Roughly two weeks ago, the Bossman put together a little "request for
support" to Higher.
"Could we get," he asked, "some CR123A batteries, some writable CDs,
and perhaps some school supply type of stuff for the kiddies?"
Higher sat quietly, mulling the issue over. Many requests are, of
course, best handled by simply ignoring them. Some requests should be
directly disputed in regards to their scope or format, then
subsequently rejected. But this request...ahh...this request offered
opportunities to Get Rid Of Stuff.
I received an email - "Stand by to received Stuff. Coming on convoy
soon. In box. Marked for you."
The time came for delivery. Said box was coming on a convoy that was
due in, of course, at 0130. Because this is the Army, it was also
raining. SGT B and I stood outside in the mud, arms crossed, scowls
in place, striking the traditional pose of the Cranky NCO.
The convoy rolled in. We spied a white box of the type desscribed.
Most of these boxes are labeled with sheets of paper inside document
protectors, printed with a unit designation in a large font. This
one...well, it had MY last name spraypainted on the back side, over
the course of two lines, and with the skill one would normally expect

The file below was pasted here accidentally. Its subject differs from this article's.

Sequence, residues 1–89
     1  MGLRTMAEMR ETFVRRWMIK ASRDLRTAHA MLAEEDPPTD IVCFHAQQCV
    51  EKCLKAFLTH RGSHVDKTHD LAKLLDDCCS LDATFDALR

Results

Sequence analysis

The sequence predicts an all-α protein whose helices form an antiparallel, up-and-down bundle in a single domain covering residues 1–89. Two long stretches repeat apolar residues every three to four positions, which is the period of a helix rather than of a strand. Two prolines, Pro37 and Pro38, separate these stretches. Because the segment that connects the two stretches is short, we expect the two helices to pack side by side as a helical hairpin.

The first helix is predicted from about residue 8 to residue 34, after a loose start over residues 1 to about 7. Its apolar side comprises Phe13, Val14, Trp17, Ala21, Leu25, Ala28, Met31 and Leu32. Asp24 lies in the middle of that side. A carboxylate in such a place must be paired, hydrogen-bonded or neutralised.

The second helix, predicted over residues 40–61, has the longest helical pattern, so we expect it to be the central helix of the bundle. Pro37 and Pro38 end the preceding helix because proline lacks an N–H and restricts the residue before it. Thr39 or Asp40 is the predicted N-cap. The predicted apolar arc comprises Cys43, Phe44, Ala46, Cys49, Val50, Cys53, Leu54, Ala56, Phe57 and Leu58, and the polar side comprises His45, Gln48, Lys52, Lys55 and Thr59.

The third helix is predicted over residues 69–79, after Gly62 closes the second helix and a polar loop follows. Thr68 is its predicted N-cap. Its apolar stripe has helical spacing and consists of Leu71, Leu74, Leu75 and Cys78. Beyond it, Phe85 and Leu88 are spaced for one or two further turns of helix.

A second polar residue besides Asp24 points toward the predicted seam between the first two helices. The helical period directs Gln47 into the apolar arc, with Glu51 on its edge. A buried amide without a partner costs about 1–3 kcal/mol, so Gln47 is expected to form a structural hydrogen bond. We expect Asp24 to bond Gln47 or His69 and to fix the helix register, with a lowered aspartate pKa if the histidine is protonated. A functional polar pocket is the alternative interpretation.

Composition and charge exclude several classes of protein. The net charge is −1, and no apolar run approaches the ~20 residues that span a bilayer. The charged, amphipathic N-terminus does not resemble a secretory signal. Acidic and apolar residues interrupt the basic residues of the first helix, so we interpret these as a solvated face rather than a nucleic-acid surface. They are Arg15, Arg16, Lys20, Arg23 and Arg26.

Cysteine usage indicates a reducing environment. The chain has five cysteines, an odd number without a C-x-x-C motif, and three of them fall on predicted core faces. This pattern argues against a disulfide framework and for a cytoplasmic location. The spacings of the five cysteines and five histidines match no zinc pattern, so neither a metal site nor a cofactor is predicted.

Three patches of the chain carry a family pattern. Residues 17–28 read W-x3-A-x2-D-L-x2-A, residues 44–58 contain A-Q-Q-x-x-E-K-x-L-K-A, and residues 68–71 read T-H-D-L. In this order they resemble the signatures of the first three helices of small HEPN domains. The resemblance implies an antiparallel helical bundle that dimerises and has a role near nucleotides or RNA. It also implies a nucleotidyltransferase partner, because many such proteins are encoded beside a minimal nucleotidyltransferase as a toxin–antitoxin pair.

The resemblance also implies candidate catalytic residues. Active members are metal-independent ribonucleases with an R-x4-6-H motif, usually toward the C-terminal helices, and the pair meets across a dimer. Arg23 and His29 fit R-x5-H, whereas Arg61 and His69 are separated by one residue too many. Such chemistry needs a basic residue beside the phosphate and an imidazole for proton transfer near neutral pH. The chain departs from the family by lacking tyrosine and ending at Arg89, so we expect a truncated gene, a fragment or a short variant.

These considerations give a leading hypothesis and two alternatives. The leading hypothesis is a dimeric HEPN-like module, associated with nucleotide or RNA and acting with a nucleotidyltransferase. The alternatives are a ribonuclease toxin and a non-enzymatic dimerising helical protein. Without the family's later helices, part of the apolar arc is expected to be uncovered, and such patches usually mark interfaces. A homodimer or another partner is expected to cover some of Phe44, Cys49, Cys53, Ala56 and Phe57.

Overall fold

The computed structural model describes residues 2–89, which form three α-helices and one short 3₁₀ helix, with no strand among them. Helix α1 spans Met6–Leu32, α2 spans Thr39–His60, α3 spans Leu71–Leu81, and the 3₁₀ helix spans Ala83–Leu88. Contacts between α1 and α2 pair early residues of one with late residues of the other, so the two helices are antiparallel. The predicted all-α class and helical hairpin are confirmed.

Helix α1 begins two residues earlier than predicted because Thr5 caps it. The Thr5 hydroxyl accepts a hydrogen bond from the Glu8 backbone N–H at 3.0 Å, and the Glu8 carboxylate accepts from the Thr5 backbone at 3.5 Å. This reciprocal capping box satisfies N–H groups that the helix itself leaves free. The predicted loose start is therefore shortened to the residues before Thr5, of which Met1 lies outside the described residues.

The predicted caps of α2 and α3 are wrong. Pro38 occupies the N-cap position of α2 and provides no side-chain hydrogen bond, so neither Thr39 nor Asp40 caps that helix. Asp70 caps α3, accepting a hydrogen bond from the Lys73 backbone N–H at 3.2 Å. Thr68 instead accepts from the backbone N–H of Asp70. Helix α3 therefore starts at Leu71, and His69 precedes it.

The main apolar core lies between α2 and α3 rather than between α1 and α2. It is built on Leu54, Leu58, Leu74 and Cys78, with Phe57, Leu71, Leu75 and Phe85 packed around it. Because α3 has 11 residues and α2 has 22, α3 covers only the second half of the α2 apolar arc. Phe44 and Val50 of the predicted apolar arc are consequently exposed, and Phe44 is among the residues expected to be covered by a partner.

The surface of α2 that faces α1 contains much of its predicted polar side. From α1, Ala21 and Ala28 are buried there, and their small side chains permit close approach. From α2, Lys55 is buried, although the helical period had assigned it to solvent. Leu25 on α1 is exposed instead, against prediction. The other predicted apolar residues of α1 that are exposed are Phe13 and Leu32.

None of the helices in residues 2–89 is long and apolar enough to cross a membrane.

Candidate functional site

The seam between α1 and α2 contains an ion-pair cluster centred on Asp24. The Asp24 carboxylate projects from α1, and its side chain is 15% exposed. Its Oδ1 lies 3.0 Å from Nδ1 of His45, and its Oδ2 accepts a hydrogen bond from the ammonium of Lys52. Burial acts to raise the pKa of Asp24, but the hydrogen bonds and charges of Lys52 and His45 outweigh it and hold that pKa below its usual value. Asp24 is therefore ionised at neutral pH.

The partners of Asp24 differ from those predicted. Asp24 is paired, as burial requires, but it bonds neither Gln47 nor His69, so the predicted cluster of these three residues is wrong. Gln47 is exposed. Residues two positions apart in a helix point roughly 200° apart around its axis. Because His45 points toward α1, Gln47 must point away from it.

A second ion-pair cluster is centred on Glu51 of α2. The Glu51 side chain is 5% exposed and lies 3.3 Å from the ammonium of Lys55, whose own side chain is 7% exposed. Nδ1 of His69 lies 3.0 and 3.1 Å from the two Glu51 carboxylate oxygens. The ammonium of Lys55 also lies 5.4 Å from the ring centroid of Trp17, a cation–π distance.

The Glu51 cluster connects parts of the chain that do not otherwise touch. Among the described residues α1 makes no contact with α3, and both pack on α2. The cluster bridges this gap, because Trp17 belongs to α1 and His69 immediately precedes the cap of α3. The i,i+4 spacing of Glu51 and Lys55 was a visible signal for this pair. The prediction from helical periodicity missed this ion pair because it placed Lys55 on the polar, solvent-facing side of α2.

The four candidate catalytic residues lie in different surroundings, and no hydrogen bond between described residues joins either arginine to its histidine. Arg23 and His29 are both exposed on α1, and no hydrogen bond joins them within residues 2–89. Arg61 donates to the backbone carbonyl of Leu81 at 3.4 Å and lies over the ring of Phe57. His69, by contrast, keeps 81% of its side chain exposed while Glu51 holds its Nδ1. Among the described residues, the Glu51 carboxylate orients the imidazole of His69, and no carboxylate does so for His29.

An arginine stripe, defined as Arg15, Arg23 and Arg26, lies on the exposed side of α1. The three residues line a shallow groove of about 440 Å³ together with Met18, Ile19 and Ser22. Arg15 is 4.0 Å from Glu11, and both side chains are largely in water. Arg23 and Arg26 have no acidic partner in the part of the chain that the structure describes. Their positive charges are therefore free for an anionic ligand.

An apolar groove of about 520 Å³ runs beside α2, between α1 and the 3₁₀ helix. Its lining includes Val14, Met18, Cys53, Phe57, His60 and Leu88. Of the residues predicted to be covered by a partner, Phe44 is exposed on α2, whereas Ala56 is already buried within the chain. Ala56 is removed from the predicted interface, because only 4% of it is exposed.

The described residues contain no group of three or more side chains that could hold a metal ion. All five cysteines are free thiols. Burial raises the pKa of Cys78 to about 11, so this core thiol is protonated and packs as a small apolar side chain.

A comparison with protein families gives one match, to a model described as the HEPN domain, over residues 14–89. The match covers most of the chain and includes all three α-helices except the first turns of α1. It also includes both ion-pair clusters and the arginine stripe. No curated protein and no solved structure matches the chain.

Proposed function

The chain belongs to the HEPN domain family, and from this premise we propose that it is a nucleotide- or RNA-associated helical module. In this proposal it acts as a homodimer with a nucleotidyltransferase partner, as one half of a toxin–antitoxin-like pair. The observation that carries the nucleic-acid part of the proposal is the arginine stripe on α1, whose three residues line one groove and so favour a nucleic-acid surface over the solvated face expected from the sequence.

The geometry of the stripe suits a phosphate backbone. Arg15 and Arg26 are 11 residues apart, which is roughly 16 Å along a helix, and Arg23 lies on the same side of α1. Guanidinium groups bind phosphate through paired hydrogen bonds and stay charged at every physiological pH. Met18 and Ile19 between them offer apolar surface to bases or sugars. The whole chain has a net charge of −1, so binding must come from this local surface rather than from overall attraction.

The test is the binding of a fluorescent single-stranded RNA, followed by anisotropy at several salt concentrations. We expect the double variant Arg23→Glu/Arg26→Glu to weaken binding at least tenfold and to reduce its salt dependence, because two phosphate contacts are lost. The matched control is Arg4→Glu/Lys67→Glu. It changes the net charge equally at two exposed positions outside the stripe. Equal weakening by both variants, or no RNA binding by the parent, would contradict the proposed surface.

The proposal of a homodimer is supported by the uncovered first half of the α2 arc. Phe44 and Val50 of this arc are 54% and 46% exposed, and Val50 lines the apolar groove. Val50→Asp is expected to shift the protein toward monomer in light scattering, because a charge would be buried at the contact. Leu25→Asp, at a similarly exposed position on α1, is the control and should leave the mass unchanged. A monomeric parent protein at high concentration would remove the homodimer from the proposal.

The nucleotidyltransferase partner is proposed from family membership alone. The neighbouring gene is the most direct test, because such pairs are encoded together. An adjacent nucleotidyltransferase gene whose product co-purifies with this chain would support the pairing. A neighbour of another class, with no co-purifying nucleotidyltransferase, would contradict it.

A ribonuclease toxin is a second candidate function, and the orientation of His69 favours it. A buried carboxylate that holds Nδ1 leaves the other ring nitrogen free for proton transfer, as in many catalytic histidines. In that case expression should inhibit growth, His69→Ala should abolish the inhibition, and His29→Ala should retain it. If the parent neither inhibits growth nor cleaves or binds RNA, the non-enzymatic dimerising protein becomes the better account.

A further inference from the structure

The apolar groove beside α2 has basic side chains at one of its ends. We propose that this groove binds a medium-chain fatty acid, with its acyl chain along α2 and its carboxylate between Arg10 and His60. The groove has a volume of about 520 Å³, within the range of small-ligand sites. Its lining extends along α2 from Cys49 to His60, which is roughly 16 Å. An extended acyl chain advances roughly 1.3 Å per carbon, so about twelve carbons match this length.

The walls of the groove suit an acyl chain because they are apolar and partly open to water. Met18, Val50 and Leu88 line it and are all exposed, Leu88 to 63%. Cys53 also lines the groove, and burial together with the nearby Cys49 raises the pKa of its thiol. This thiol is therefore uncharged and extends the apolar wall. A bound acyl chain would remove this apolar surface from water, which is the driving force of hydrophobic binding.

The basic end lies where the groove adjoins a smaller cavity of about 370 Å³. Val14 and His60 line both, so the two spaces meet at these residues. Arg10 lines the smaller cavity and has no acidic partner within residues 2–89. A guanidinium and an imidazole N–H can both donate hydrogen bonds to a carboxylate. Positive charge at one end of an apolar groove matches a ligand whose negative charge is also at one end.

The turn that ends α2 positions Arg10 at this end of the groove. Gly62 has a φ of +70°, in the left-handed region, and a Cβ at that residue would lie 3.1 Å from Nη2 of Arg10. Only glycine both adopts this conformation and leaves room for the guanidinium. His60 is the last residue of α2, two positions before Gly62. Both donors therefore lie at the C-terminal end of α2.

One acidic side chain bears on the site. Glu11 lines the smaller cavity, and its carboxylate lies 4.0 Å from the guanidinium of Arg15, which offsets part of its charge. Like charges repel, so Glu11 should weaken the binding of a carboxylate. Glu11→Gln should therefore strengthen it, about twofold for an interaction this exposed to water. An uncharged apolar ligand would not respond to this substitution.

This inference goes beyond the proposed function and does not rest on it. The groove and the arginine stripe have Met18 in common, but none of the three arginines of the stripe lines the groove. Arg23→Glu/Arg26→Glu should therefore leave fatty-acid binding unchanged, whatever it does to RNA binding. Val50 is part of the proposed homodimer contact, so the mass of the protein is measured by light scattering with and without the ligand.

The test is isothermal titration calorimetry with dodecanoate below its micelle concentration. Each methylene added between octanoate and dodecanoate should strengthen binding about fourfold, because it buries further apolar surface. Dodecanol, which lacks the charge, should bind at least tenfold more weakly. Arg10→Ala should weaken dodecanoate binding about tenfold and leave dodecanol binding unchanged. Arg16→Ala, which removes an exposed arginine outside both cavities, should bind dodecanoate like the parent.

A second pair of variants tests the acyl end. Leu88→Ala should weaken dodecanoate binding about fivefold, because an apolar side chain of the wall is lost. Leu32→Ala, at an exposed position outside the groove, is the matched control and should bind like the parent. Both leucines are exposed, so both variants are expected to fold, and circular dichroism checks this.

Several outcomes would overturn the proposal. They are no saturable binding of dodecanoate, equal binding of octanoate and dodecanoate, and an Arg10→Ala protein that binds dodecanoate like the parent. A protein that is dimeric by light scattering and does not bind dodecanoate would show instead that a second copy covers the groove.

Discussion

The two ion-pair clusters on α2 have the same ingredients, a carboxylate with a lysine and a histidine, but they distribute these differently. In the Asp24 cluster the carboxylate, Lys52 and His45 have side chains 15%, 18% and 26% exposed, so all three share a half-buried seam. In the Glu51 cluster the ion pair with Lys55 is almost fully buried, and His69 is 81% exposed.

to see if the painting had been done by a retarded howler monkey. In
We claimed our box, and a very nice private forklifted it over to our
little quadcon, where, since it was at that point 0230 and still
raining, we simply locked it in and left.
Today we sent out our Borrowed Specialist. "Please go look in that
box and try to get an idea of how much of what we got," I instructed.
"I do not want you counting individual crayons - just ballpark it."
The specialist returned.
"So," I enquired, "what do we have? I assume no batteries, CDs, or
anything for us, right?"
"Right, sergeant," he answered. "But we have twelve boxes of coloring
books, 20 books per box."
"That's 240 coloring books," I volunteered, earning me an
I-did-graduate-high-school look from the specialist. "Sorry.
"Oh yeah. We got six boxes of pencils."
"How many per box?"
"Umm...3,000 pencils per box, sergeant."
I blinked. Did the math. Did it again to make sure I hadn't
misplaced any decimal places. Looked at SGT B and the specialist.
"That's a lotta pencils," SGT B pointed out.
"They're sharpened already. But they don't have erasers." The
specialist grinned. "Most are green, but there are some red ones.
Not that the lead is red, but the pencil itself, that's red."
So. The coloring books are not very challenging - I have some crayons
and colored pencils around here somewhere, and such things have a way
of trickling in from various well-meaning groups out there.
But 18,000 pencils? Perhaps I need to put some thought into some sort
of junior engineering program, wherein local children construct
bridges, buildings and water treatment facilities (on a small scale,
of course) out of pencils. I do believe I have a few bottles of